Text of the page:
Is there not some unashamedly selfish appeal in a private stretch of would-be French coastline all to yourself?
A lot of the Corsican coastline is hugged by masses of jet black rock that makes you question all those burning geological questions that you don't particularly know anything about. For the most part, they're surrounded by knee-deep, crystal-clear water and white sand for a few minutes worth of wading before the floor drops off. The cove that forms before the drop, then, is gloriously silent, save for those tiny fish that generously come and nibble your feet, and the odd black bee (more or less on the hour) in search of brightly coloured floral sweets - most in search of idyllic Corsican seaside won't give rock exploration a moment's thought.
Alex and I shot these over the course of our four days in and around Solenzara (so you'll have to excuse the inconsistent light). We explored what I would guess to be fifteen kilometres of seaside, and always found ourselves drawn to the humanless, rocky outcrops behind headlands or down overgrown stairs - granted, we are the hiking type. But is there not some unashamedly selfish appeal in a private stretch of would-be French coastline all to yourself? The water is just as shockingly turquoise as the family beach three kilometres down, the sun is still relentless, Charles Dickens reads just as well and the picnic lunch you packed still tastes freaking awesome.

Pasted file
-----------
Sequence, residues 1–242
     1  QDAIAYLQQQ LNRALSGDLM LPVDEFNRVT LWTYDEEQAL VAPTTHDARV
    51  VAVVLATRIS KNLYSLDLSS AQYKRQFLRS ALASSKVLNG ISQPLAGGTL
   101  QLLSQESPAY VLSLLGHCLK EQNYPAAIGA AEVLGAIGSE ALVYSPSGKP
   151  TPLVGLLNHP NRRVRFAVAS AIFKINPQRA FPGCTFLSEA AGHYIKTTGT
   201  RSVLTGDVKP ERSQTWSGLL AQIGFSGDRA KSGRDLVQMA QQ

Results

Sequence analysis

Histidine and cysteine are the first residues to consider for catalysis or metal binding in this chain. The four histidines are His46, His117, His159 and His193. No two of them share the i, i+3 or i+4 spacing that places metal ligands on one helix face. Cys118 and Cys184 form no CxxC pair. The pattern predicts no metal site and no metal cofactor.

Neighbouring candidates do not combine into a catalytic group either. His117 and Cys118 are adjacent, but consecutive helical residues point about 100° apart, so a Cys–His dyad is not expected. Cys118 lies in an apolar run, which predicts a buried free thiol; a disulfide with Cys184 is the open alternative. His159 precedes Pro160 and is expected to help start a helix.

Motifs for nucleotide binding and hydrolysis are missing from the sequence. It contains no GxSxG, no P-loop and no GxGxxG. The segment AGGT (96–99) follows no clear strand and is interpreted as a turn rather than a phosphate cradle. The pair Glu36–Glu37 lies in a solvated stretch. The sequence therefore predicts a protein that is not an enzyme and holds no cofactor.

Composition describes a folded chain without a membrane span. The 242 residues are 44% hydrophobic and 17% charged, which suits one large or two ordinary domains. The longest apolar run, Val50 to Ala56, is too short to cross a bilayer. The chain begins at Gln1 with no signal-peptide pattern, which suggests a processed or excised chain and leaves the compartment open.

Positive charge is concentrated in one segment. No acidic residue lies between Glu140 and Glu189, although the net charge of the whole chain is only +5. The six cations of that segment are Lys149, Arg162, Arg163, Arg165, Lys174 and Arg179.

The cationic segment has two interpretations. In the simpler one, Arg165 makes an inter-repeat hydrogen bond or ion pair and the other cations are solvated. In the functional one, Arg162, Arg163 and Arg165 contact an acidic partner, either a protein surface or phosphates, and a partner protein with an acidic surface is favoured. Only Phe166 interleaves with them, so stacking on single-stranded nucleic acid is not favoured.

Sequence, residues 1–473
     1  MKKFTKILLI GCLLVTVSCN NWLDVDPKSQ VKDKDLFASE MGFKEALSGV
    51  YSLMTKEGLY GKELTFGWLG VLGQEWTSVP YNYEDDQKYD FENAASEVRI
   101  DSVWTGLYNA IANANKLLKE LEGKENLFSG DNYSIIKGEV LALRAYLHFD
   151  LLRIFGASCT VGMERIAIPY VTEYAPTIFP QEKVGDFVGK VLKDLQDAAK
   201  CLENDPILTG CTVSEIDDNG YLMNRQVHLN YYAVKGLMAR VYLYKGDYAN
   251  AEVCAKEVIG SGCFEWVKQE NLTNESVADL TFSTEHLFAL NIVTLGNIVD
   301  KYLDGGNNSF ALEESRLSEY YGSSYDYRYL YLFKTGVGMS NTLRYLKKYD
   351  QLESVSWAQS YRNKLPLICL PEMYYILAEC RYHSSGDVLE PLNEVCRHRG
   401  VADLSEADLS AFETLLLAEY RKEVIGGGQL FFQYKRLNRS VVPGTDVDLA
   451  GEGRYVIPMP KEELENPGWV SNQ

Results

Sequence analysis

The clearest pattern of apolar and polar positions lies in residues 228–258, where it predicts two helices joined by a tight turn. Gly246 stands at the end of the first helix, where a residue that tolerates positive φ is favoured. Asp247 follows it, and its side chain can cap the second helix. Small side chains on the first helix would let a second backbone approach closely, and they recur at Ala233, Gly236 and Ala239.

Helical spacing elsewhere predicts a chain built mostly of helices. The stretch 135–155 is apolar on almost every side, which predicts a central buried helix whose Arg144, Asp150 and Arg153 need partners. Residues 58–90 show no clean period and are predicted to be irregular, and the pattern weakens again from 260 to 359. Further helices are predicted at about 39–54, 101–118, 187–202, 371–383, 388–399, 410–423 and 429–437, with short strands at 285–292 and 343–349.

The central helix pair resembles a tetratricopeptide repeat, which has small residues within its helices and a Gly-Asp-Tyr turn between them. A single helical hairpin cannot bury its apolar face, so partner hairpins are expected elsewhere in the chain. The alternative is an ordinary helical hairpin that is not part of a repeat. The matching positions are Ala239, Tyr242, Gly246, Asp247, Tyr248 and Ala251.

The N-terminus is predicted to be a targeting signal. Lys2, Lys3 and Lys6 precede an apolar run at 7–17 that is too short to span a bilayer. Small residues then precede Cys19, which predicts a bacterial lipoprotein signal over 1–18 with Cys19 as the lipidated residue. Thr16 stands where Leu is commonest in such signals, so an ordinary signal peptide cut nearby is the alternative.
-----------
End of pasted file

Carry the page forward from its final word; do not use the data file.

As I mentioned last week, though, I'm not one for your usual hiking attire (too many extra bits and pieces to pack). So, when the going got tough in espadrilles and floor length jersey, I just took to the water fully clothed.
And there's something liberating about that.
Bring on the week, hombres!